“The U.S. Attorney’s Office for the Eastern District of California is proud to be included as a part of the COVID-19 Fraud Enforcement Strike Force,” said U.S. Attorney Phillip A. Talbert. “We have had early successes pursuing COVID-19 fraud both civilly and criminally. For example, our district obtained the first civil settlement in the nation for fraud related to the CARES Act’s Paycheck Protection Program, and we have brought several criminal prosecutions against defendants who obtained fraud relief monies intended to help those in need. We remain committed to leading investigations and vigorously prosecuting those who commit COVID-19 fraud.”
“Over the years, the South Florida U.S. Attorney’s Office and its law enforcement partners have developed robust domestic and international fraud and money laundering practices,” said Juan Antonio Gonzalez, U.S. Attorney for the Southern District of Florida. “Our experience with these data-driven financial prosecutions allowed us to launch an early and aggressive attack on COVID-19 relief fraud in our district, holding accountable those who tried to capitalize on an unprecedented crisis. We are proud to have been selected to lead one of three COVID-19 Fraud Strike Force teams and look forward to continuing to advance this important Department of Justice effort.”
Since the Attorney General established the COVID-19 Fraud Task Force in May 2021, the Department has worked closely with our law enforcement partners to analyze the extraordinary amount of data from our state workforce agency partners and the Small Business Administration. That data is the key to identifying and prosecuting the organized criminal groups and networks of overseas fraudsters who stole pandemic relief funds. The Strike Force teams are designed to accelerate the process of turning data analytics into criminal investigations, enhancing our prosecutions. This prosecutor-led approach has proven successful in other organized crime arenas; it will be key to dismantling the networks that stole pandemic relief funds.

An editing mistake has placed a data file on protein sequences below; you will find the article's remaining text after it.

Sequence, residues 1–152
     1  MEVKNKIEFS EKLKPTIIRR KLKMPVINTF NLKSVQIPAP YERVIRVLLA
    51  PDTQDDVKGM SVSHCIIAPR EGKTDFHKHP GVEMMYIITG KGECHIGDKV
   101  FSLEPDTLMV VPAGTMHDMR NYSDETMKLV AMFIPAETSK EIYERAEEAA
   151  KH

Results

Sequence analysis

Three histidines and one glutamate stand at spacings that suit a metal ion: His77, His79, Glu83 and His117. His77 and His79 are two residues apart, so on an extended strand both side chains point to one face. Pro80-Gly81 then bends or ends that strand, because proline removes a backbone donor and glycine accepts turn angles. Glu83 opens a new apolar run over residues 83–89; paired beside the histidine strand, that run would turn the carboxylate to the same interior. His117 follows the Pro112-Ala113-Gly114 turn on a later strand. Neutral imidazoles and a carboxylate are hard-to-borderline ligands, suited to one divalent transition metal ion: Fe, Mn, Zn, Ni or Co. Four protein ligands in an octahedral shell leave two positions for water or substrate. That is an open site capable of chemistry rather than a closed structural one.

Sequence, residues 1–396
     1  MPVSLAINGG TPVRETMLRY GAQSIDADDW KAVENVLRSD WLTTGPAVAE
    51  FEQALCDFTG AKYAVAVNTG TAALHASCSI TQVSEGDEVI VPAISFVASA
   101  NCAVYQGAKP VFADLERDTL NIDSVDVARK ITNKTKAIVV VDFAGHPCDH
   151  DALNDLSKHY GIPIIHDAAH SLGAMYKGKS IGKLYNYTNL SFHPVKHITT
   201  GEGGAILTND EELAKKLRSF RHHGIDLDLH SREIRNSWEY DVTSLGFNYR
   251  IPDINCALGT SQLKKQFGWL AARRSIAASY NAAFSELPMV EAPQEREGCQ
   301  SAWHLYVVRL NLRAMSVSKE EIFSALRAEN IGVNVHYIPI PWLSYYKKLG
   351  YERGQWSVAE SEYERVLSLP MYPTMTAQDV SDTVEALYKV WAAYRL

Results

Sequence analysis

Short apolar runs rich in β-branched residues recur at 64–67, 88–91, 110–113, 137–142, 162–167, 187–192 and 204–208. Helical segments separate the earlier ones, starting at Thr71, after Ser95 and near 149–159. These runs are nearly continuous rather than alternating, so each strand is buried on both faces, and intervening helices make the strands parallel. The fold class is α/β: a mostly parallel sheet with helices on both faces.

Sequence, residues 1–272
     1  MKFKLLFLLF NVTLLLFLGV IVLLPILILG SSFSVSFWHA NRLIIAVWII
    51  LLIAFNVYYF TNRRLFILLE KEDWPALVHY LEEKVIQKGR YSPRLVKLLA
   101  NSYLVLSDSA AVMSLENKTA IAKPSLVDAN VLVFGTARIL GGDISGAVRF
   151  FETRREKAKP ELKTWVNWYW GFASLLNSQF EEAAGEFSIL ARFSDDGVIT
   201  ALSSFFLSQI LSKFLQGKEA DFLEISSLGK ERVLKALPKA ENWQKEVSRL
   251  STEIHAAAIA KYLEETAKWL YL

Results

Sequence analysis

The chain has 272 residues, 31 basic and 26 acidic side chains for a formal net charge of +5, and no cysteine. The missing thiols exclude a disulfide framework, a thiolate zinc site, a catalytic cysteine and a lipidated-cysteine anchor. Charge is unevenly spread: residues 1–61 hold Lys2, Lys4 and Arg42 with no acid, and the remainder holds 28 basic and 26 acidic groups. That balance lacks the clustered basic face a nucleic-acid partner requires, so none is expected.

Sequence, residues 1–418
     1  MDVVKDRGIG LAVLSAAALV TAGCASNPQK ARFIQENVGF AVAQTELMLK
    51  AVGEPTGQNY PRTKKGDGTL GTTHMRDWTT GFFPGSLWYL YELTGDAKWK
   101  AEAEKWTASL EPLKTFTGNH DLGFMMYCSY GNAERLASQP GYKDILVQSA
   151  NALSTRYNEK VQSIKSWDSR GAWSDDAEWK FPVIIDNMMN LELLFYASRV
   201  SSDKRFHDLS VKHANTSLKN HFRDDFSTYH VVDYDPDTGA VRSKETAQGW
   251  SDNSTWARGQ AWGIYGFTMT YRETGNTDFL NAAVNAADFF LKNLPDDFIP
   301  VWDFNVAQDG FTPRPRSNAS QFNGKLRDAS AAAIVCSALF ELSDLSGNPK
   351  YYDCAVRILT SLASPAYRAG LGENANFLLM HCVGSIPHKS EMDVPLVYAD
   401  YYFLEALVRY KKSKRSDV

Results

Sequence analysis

In May 2021, the Attorney General established the COVID-19 Fraud Enforcement Task Force to marshal the resources of the Department of Justice in partnership with agencies across the government to enhance efforts to combat and prevent pandemic-related fraud. The task force bolsters efforts to investigate and prosecute the most culpable domestic and international criminal actors and assists agencies tasked with administering relief programs to prevent fraud by, among other methods, augmenting and incorporating existing coordination mechanisms, identifying resources and techniques to uncover fraudulent actors and their schemes, and sharing and harnessing information and insights gained from prior enforcement efforts.
The Justice Department’s efforts to combat COVID-19-related fraud schemes have proceeded on numerous fronts, including cases and investigations involving the Paycheck Protection Program (PPP), Economic Injury Disaster Loan (EIDL) program, Unemployment Insurance (UI) programs, and COVID-19 health care fraud enforcement.
For further information on the Criminal Division’s enforcement efforts on PPP fraud, including court documents from significant cases, visit the following website: https://www.justice.gov/criminal-fraud/ppp-fraud.
For more information on the Department’s response to the pandemic, please visit https://www.justice.gov/coronavirus. For further information on the Civil Division’s enforcement efforts, visit the following website: https://www.justice.gov/civil.
Anyone with information about alleged attempted fraud involving COVID-19 can report it by calling the Department of Justice’s National Center for Disaster Fraud (NCDF) Hotline at 866-720-5721 or via the NCDF Web Complaint Form at https://www.justice.gov/disaster-fraud/ncdf-disaster-complaint-form.